Though its timing may be politically intriguing, Bihar Chief Minister Nitish Kumar’s campaign to liberate the Ganga from the clutches of the controversial 42-year-old Farakka barrage, located about 16 kilometers from the border with Bangladesh in Bengal’s Murshidabad district, is in tune with the centre’s quest for making the country’s most sacred river to flow uninterrupted (aviral) under Namami Gange Yojana – the ambitious Integrated Ganga Conservation Project.
Ever since it was commissioned in 1975 to divert water from the Ganga to resuscitate then Calcutta port, the Farakka barrage has remained a political flashpoint between the two countries. Despite the existence of a Joint River Commission (JRC) to monitor lean-season flows down the barrage, there are no two opinions among any of the 156 million Bangladeshis that the barrage has done irreversible ecological harm to the lower riparian.
Such has been the popular sentiment in Bangladesh that every conceivable problem in the country is attributed to the impact of Farakka. Not without reason, as the JRC has estimated that loss to agriculture, fisheries, forestry, and navigation in Bangladesh on account of reduced flow in the river was as high as US$3 billion during 1976-1993. The losses have only continued to mount, fuelling inter-generational hatred among the masses towards their powerful neighbor.
By calling for dismantling Farakka, Nitish Kumar has spotlighted unmitigated collateral damage upstream of the barrage in Bengal as well as Bihar. Holding it responsible for the floods in Bihar, the Chief Minister has called for removal/decommissioning of the Farakka Barrage.
It is a bold undertaking by Nitish Kumar, bolstered by the fact that 2017 marks the centenary year of Gandhi’s Champaran Satyagraha when tens of thousands of landless serfs, indentured laborers and poor farmers were liberated from ruthless militia of their colonial masters. The present campaign is distinct as it seeks to liberate the river; a lifeline for millions, from the reductionist engineering that has only spread misery, both upstream and downstream.
While political motivation for his campaign remains unclear, Nitish Kumar has voluntarily lent political voice to decades of research which suggests that in addition to reducing river flow and consequent salinity ingress in the Sundarbans, the back waters have caused unwarranted floods and unmitigated riverbank erosion upstream of the barrage. The memory of 2016 floods that impacted over 22,000 people in 31 villages in Malda district is fresh in peoples’ memory.
Opening 109-odd gates of the 2.5 kilometer barrage may involve multiple actors. Not only is the functioning of the barrage governed by a bilateral treaty, the massive structure is located in Bengal and is under operative control of the Ministry of Water Resources. With billions of tons of sediments accumulated upstream of the barrage, any act of decommissioning will need detailed assessment of river’s complex eco-hydrology and fluvial geo-morphology.
While there is no denying that seeking uninterrupted river flow is a noble cause, and liberating the Ganga a long drawn out process at that, Nitish Kumar can serve the cause better by first letting rivers in north Bihar free of their embankments. If the Farakka barrage has been the cause for floods in Bihar, the eight major rivers,including Kosi, Baghmati and Gandak, are no less in their contribution to floods in the state!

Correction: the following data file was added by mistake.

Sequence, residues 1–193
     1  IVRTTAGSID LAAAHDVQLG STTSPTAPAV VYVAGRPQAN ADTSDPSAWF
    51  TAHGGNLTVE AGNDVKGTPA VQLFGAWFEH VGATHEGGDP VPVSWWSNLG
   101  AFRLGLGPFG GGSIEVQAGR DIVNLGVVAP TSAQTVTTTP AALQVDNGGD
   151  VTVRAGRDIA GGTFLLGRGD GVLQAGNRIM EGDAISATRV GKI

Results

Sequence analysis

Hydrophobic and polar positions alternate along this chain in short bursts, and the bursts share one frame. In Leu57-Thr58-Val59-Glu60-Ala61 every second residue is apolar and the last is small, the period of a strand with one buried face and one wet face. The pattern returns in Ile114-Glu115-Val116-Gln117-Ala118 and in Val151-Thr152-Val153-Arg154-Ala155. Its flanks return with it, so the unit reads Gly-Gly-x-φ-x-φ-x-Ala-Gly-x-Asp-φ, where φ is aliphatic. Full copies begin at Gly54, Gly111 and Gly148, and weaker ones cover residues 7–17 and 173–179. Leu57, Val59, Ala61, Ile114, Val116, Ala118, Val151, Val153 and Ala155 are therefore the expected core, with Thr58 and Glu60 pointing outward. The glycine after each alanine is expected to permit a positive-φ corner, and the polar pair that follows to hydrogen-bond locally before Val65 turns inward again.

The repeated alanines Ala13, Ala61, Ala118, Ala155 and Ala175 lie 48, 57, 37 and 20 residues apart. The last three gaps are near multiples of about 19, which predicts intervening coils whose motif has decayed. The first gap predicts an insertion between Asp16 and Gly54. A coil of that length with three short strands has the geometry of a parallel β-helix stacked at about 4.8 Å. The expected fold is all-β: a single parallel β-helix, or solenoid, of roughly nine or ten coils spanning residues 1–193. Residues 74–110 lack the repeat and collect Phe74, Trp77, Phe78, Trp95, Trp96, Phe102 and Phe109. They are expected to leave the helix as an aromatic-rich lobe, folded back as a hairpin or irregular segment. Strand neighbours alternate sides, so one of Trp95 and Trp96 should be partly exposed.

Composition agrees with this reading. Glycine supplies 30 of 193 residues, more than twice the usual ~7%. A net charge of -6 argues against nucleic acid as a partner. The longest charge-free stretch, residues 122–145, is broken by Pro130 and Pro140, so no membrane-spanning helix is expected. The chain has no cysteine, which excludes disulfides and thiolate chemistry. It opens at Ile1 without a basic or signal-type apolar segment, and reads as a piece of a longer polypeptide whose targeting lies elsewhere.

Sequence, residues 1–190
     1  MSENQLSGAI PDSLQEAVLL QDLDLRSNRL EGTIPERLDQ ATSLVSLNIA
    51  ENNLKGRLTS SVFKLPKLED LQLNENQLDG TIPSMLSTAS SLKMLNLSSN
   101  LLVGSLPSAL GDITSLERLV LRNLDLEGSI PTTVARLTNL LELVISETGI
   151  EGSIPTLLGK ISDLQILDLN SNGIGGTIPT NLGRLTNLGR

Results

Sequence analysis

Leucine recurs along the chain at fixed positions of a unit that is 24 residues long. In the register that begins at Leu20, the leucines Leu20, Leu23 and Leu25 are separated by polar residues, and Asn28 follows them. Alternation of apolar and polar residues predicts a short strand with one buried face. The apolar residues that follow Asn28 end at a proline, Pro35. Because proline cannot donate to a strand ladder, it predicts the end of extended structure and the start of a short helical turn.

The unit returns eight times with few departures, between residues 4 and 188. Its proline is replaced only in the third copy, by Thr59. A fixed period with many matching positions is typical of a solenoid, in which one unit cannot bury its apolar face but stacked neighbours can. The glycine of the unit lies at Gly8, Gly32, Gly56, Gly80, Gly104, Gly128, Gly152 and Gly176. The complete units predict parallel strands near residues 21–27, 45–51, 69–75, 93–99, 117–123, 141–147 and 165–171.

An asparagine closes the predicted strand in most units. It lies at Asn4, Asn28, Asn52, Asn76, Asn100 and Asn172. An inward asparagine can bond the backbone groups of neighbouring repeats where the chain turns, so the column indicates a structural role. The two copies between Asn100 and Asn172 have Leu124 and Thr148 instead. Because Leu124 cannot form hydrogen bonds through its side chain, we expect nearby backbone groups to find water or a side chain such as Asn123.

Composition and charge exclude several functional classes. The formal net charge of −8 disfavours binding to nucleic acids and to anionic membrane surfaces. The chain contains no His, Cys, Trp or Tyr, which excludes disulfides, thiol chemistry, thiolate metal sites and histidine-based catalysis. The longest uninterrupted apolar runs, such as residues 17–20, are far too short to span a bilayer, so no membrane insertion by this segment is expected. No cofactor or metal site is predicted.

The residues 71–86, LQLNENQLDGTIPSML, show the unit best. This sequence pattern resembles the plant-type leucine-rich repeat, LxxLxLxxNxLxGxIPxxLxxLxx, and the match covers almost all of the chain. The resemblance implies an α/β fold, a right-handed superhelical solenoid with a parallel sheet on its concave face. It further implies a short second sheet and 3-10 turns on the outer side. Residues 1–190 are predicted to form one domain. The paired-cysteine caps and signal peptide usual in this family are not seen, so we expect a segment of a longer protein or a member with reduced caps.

All major rivers in Bihar have been jacketed between their banks. As a matter of fact, the politician-engineer-contractor nexus is so well entrenched that at any given time of the year either some length of the embankments is under repair or a new length under construction. No wonder, cumulative length of embankments on the rivers in the state is 3,620 kilometers. And, under undisputed political patronage the work is far from finished.
The engineering solution of raising the banks of the river, called embankments in engineering term, has raised the river bed higher than the adjoining lands. It is no secret that the Kosi river flows some 15-20 feet above the ground level at many sections of its embanked length. Thousands of hectares of adjoining land have been water-logged for good, as the raised embankments impede drainage into the river.
It is hard to believe that Nitish Kumar is unaware of these facts; he had been on the scene ever since he was a member of the Bihar’s Second Irrigation Commission in 1994. However, the story of the sorrow of Bihar doesn’t end here. There are 698 villages trapped between these embankments in Bihar. A conservative estimate indicates that no less than 40 lakh people live within these embanked rivers, their only escape being to face humiliation of migration to Mumbai and Delhi.
Having raised the issue of man-made disaster like the Farakka barrage, it is no less compelling for Nitish Kumar to address the plight of his riverine population first. By freeing rivers of north Bihar, he can erase the ignominy of people of Bihar.
Farakka can still wait, Mr. Kumar!
(Author and analyst, Dr Sudhirendar Sharma was the member of the Independent Fact Finding Team that had published Kosi Deluge: The Worst Is Still To Come a month prior to the devastating Kosi Floods in 2008)
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